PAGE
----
- Store the pickles in a cool, dry place like a pantry for up to 1 year. Once opened, refrigerate and consume within about 1 month for the best quality and flavor.
- Prep Time: 25 minutes
- Cook Time: 5 minutes
- Category: Pickles
- Method: Pickling
- Cuisine: Condiments
Keywords: zucchini, pickle
Cooking By the Numbers…
Step 1 – Prep the Zucchini and Onions
Thoroughly rinse the zucchini with cool water, and scrub them gently with a vegetable brush. Trim and discard the ends.
Thinly slice the onions into half-moons.
Step 2 – Salt the Veggies
Place the zucchini and onions in a large bowl, sprinkle with a tablespoon of salt, and toss to combine.
Cover the veggies with a layer of ice and then pour in enough water so it comes up about 1 inch above the surface of the topmost veg. Soak for 2 hours.
Salting vegetables prior to pickling helps to draw moisture out of them, which makes the finished product more crisp, and allows the pickles to stay crisp for a longer period of time.
Step 3 – Make the Brine and Sterilize the Jars
Add the white vinegar and apple cider vinegar to a medium-size saucepot, and place it over medium heat.
Whisk in the remaining 1/4 cup salt with the granulated sugar and brown sugar. Keep stirring until these have dissolved, for about 5 minutes. Bring the mixture to a boil, and then remove it immediately from the heat.
To sterilize the canning jars, heat a large pot of water over medium heat. Check your jars for any nicks or cracks, and discard any that are damaged. Carefully submerge the empty jars right side up in the pot, making sure the water is about 1 inch above the tops of the jars.
Bring the water to a boil, and continue to boil the jars for 10 minutes. Remove the pot from the heat, but don’t drain it – you’ll use the same water to process the filled jars.
The jars can stay in the hot water for up to an hour, to keep them clean so they don’t collect dirt or debris if they’re sitting out after they’ve been sterilized.
Remove the jars using jar lifters or tongs, drain any water that’s in them back into the pot, and set them aside to dry on a clean and sanitized surface.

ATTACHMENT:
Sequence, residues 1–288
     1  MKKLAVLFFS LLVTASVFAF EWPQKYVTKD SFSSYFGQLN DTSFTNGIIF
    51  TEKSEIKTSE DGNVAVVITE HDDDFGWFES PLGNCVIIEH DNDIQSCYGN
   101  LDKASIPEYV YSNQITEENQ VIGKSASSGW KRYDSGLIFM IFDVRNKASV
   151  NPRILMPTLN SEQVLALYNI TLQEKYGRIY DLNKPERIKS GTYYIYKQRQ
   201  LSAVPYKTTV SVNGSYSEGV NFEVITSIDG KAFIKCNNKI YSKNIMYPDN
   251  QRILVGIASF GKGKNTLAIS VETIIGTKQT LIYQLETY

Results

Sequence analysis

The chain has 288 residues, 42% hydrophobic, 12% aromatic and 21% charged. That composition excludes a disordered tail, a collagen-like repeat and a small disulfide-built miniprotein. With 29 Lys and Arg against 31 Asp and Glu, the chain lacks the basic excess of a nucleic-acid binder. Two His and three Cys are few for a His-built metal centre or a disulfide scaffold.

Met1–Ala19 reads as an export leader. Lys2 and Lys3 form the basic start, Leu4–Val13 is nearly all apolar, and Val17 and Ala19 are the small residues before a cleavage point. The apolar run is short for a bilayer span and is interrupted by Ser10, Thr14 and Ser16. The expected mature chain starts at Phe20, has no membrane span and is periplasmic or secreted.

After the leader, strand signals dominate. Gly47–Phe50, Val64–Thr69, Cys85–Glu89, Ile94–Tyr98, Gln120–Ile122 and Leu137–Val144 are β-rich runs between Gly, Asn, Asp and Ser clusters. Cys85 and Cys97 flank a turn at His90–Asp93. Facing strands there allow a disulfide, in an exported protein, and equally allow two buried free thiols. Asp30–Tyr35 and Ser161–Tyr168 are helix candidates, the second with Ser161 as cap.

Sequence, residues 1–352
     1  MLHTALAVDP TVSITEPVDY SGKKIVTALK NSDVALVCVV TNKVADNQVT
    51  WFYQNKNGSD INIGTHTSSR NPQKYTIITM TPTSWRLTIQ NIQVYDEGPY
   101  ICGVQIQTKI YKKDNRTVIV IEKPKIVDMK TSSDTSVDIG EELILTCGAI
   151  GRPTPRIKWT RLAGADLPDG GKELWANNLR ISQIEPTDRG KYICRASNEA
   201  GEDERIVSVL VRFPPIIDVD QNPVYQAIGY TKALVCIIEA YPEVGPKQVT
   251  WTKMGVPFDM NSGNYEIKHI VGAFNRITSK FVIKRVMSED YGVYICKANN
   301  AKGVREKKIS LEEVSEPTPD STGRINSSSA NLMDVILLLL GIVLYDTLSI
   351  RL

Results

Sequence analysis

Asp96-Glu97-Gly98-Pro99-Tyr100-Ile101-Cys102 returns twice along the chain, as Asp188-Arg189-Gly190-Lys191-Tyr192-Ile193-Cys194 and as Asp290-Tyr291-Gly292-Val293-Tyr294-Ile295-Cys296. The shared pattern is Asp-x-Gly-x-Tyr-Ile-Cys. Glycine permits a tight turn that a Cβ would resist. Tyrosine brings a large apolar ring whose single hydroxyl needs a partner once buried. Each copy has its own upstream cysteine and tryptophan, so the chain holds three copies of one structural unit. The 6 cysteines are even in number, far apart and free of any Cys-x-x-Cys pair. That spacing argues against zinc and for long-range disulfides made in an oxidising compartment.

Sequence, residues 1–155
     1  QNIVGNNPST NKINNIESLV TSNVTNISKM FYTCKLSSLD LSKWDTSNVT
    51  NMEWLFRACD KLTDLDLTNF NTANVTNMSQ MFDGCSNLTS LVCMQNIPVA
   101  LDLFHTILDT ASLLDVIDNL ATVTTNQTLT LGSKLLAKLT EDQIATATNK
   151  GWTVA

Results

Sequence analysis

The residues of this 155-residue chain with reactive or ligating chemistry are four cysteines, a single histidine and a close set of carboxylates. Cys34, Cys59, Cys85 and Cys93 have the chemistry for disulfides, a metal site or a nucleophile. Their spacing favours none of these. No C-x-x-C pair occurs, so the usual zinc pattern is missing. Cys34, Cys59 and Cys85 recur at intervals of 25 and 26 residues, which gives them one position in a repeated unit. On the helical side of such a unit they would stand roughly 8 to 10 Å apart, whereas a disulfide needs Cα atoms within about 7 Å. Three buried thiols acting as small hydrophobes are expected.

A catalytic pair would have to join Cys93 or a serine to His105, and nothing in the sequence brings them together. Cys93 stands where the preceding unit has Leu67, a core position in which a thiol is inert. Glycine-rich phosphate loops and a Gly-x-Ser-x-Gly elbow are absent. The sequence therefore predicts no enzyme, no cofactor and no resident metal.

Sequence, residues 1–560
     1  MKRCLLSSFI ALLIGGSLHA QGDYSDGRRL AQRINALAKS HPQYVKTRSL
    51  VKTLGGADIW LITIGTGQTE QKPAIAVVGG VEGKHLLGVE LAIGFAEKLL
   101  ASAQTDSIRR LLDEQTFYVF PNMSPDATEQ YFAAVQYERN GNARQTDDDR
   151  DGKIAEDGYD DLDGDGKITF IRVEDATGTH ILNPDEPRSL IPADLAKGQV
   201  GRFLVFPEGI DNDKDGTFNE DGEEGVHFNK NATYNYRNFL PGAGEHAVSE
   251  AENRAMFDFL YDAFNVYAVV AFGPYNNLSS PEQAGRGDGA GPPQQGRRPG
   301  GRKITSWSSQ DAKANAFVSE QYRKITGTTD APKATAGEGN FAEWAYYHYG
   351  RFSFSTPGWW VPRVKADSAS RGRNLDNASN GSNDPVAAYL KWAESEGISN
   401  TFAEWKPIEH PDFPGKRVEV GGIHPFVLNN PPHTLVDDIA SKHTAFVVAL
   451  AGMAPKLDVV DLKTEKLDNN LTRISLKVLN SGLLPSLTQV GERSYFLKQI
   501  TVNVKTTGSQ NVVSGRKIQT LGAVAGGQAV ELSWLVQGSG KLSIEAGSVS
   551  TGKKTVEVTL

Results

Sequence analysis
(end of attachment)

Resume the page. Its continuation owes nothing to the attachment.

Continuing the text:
Step 4 – Measure the Spices and Add the Brine
Drain the zucchini and onions. Distribute them evenly between two or three sterile canning jars, so they fit comfortably. Also keep in mind that you’ll need to leave some breathing room at the top.
Measure and evenly distribute the mustard seeds, celery seeds, turmeric, allspice berries, and cloves between the jars.
You can leave out the allspice and cloves if you like, or add your choice of warming spices like cinnamon sticks to enhance the sweet, aromatic flavors. You can also add whole black peppercorns or crushed red pepper flakes to add some peppery flavor and heat.
Pour the brine into the jars, leaving 1/2 an inch of headspace at the top.
Step 5 – Seal the Lids, Store, and Enjoy
Bring the large pot of water back to a boil.
Tightly screw on the lids, and process them in the boiling water bath for 10 minutes.
Remove the jars from the pot, making sure the lids have popped, and set them aside to cool completely before storing or refrigerating.
Store the pickles in a cool, dry place like a pantry for up to one year. Once you’ve opened a jar, refrigerate it and consume the contents within about a month for the best quality and flavor.
That’s One Zesty Zucchini
Did you know that, depending on the time of year, you can often snag several pounds of zucchini from the store and pay less than you would for cukes?
If you’re a home gardener (which, if you are, you should be a regular at our sister site, Gardener’s Path), you know that this particular veggie happens to be an overachiever. So the next time you’re wondering what to do with that bounty of summer squash that just won’t quit, this recipe can swoop in and save the day.
If you’re a novice who has just bought your first pair of gardening gloves, you can learn how to plant and grow zucchini here. When you can’t get even one more pickle down, I’m very proud of this recipe, which coerces crispy, panko-crusted zucchini chips into taking a dip in the fryer. Give it a try.
If it’s more fermented foods that you’re after, we’ve got plenty more recipes where this one came from:
- Homemade Lacto-Fermented Salsa
- Homemade Quick-Pickled Beets and Turnips
- Homemade Lacto-Fermented Garlic Dill Pickles
How will you show off these sweet and sour pickles? Share your bright and briny ideas in the comments below! And don’t forget to give this recipe a five-star rating if you loved it.
Photos by Fanny Slater, © Ask the Experts, LLC. ALL RIGHTS RESERVED. See our TOS for more details. Originally published by on August 21, 2014. Last updated on November 7, 2021.
Nutritional information derived from a database of known generic and branded foods and ingredients and was not compiled by a registered dietitian or submitted for lab testing. It should be viewed as an approximation.
About Fanny Slater
Fanny Slater is a home-taught food enthusiast based in Wilmington, North Carolina who won the “Rachael Ray Show” Great American Cookbook Competition in 2014, and published her cookbook “Orange, Lavender & Figs” in 2016. Fanny is a food and beverage writer, recipe developer, and social media influencer. She was a co-host on the Food Network series “Kitchen Sink,” was featured on Cooking Channel’s longtime popular series “The Best Thing I Ever Ate,” and continues to appear regularly on the “Rachael Ray Show.”